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How to Become a Teacher's Favorite

Three Parts:Showing Enthusiasm About Your WorkBeing YourselfTreating Your Teacher Like a Person

If you're in school, you spend most of your day in class with your teachers. If your teacher doesn't like you, or you don't get along, school can be extra difficult. Getting on your teacher's good side doesn't just mean getting good grades and sucking up, though. What makes a student a teacher's favorite may surprise you.

Part 1
Showing Enthusiasm About Your Work

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    Ask meaningful questions in class. Asking questions shows that you care about the subject matter. It also shows that you’re paying attention. Some people fear that asking questions will make people think they’re not smart. Actually, asking questions is a great indicator of intelligence and a desire to learn.[1]
    • If you’re going to ask questions, you need to pay attention. For example, if you ask, “When is that assignment due?” and your teacher has already said the due date once, they will think you’re not listening.
    • Be mindful not to ask so many questions that you derail the class and prevent the teacher from finishing the lesson.
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    Complete all assignments on time. This one can be difficult if you have a lot of work, or if you tend to procrastinate. However, turning in assignments on time shows your teacher that you are prioritizing their class.[2]
    • Teachers have busy lives and need time off, just like you. They may have planned to grade all of your class’ papers on Wednesday night. If you turn your paper in on Friday, they will likely be frustrated that they now have to grade your paper over the weekend.
    • If you know that you won’t be able to meet a deadline, talk to your teacher about it in advance. They may be able to grant you an extension.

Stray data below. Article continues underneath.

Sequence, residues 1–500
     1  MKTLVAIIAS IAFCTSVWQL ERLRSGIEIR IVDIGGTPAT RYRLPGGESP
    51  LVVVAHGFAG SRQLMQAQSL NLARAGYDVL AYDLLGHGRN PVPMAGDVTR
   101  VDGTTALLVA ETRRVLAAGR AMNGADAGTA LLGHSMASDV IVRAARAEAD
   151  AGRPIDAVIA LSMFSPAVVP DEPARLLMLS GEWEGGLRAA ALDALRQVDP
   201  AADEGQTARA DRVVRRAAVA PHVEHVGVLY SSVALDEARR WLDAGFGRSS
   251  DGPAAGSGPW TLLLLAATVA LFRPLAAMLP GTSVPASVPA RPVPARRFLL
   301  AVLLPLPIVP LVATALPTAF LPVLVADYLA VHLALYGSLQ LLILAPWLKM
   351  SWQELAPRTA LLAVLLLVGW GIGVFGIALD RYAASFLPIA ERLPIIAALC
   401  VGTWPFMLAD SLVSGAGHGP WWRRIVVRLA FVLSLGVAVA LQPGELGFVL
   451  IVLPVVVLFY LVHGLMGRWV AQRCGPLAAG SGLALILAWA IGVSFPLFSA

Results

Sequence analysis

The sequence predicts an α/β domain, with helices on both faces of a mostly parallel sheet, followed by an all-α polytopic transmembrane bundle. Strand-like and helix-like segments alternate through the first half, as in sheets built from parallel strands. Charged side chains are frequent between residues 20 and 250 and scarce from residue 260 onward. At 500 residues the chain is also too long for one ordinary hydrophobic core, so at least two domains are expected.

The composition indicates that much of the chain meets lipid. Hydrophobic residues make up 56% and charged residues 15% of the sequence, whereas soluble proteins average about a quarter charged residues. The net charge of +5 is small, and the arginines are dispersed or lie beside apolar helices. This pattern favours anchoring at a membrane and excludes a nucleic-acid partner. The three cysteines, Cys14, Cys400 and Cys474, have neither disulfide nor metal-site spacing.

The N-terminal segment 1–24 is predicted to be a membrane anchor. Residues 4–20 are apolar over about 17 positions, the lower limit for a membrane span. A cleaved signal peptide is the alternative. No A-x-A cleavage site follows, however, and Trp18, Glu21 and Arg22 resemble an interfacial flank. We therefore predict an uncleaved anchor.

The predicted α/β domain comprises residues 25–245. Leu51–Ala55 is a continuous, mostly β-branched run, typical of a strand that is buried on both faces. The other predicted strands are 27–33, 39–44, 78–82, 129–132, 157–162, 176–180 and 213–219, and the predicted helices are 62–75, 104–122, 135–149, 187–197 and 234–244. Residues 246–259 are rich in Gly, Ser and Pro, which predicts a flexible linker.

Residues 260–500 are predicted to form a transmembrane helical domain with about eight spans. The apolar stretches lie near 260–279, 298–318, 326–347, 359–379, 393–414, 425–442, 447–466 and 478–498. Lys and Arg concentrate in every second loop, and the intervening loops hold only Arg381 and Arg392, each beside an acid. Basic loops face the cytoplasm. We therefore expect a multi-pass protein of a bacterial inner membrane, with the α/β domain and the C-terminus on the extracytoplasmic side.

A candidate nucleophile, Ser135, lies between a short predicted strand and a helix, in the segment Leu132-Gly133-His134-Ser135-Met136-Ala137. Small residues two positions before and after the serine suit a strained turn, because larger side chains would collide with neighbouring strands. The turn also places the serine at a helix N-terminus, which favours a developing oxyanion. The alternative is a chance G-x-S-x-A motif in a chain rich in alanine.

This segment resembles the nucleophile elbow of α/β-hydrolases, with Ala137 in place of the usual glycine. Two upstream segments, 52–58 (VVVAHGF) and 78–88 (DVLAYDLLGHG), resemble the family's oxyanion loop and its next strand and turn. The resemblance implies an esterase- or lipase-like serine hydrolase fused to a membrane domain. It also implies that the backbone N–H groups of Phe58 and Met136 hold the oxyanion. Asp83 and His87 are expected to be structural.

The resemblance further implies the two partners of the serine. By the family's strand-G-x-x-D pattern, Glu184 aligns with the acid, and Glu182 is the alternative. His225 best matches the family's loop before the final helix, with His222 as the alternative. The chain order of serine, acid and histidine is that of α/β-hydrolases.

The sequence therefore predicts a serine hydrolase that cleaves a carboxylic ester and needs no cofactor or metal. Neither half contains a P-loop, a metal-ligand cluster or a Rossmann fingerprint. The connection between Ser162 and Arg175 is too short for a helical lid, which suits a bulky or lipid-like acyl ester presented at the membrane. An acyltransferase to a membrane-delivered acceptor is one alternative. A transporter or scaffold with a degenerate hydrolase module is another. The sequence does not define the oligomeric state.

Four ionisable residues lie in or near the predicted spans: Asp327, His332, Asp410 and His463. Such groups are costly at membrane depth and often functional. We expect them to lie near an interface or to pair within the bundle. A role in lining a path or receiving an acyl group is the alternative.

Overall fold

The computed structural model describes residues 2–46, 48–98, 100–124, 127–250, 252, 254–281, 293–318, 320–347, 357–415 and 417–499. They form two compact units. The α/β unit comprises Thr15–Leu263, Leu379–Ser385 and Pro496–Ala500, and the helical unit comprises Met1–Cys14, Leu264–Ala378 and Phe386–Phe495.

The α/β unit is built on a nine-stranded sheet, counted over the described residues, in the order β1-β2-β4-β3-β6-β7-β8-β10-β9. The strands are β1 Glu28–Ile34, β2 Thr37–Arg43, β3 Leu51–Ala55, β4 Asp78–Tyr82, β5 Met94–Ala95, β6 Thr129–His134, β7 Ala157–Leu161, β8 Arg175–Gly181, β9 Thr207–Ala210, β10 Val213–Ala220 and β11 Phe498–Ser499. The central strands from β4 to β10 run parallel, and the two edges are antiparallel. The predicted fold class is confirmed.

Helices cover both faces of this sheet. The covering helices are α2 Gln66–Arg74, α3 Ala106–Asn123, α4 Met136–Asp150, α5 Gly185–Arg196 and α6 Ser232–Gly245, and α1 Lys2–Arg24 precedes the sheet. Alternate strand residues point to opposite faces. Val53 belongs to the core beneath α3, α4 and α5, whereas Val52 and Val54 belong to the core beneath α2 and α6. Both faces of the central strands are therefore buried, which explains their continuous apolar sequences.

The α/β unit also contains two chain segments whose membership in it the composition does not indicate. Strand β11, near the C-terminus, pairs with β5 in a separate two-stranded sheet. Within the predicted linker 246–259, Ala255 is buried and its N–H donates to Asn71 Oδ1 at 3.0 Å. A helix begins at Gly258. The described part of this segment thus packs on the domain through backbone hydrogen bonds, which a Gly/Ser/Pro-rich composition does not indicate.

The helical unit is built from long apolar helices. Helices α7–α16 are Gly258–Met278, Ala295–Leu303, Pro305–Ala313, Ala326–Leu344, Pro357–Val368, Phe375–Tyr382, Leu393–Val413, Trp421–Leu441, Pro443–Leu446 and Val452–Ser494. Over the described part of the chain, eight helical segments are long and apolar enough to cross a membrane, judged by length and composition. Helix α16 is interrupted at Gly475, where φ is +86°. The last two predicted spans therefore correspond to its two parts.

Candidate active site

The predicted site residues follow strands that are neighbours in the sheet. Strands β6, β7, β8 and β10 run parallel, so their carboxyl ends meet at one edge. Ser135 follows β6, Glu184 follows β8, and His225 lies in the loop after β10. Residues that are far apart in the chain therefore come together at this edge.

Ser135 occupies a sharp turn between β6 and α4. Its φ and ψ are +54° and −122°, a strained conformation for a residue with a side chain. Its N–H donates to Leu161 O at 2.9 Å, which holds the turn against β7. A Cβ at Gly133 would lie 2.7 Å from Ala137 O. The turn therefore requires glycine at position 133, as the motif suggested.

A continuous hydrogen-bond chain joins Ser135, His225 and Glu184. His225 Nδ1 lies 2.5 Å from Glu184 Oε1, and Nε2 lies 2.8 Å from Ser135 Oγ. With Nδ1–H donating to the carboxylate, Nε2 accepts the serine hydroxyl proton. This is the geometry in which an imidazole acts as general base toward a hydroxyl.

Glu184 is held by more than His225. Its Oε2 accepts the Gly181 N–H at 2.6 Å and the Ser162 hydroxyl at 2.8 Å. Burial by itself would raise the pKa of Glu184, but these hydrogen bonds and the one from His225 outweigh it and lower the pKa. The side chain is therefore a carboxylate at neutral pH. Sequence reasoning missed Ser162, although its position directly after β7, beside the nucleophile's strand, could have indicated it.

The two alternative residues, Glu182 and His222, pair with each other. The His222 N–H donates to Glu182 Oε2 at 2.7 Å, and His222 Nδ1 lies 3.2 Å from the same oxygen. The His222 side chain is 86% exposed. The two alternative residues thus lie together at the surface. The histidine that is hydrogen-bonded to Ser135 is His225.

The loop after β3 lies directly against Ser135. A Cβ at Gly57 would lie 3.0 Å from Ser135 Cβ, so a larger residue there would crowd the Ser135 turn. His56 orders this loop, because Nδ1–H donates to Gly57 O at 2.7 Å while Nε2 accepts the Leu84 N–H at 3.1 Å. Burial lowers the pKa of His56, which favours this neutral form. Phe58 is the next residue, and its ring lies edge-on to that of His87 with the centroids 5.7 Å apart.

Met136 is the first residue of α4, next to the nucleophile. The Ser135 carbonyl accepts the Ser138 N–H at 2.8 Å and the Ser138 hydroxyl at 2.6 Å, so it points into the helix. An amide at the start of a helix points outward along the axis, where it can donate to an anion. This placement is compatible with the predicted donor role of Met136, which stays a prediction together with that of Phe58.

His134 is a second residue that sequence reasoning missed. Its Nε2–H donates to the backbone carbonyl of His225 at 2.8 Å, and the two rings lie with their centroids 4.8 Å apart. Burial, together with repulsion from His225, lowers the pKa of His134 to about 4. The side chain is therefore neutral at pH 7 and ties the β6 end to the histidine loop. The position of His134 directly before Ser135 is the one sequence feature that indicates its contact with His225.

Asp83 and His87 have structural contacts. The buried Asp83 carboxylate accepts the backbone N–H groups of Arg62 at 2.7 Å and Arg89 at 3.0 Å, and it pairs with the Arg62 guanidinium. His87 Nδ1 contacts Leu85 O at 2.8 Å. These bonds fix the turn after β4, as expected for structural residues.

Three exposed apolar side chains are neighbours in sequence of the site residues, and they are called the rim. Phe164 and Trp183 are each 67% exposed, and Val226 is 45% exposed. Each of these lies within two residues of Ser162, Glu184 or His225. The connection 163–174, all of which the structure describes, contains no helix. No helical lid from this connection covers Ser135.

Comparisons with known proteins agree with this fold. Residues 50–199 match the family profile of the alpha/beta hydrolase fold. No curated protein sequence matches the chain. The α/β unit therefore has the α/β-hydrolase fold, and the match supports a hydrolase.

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    Make extra efforts in your work. It’s always good to do more than the bare minimum for an assignment. Extra efforts can include binding your paper in a nice way to make it more presentable, or doing extra research for an assignment.[3]
    • If a teacher asks for a paper to be a certain length, you can aim to write something a little bit longer than requested, but not much. This shows that you weren’t just stretching to meet the minimum.
    • If you make your paper too long, your teacher may think you’re sucking up or they may not like having to do that much extra reading.
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    Ask for extra help if you need it. Asking for help shows your teacher that you want to succeed. Many teachers look for this quality in a student, because if you want to succeed you’re likely to take their help and suggestions seriously.[4]
    • Don’t be afraid to approach your teacher during their free period or at the end of the day.
    • You may need help understanding the subject matter, or knowing how to complete the assignment. You should feel comfortable asking for whatever kind of help you need.
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    Respect the teacher’s authority on a subject. Teachers have been through a lot of education and they have chosen a profession where they get to share their knowledge. You may know a lot about a subject as well, but teachers will appreciate if you treat them as the experts they are.[5]
    • Occasionally it’s okay to correct your teacher. After all, everyone makes mistakes sometimes.
    • Many teachers are wary of “know-it-all” students. Not only will acting like a know-it-all jeopardize your relationship with your teacher, it may also annoy your classmates.

Part 2
Being Yourself

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    Let your teacher know who you are. Teachers can tell when a student isn’t being themselves. For example, if you’re a science fiction geek or a competitive athlete, those are important things that help define who you are. Never try to hide those things just to look like the perfect student.[6]
    • If you’re naturally a goofball or “class clown,” you may need to control yourself some to avoid disrupting class. However, most teachers have a sense of humor and will appreciate some silliness or joking in class.
    • Don’t let your personality distract from class. For example, if you’re a social butterfly, you can wait until the bell rings to hand out the invitations to your party. You don’t need to do that during class.
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    Embrace things you and your teacher may have in common. This may be the only proven thing that determines which students will become a teacher’s favorite. You may remind them of themselves at your age, or of someone they are close to. You may share interests or hobbies. If your teacher senses that you have something in common, they are likely to favor you.[7]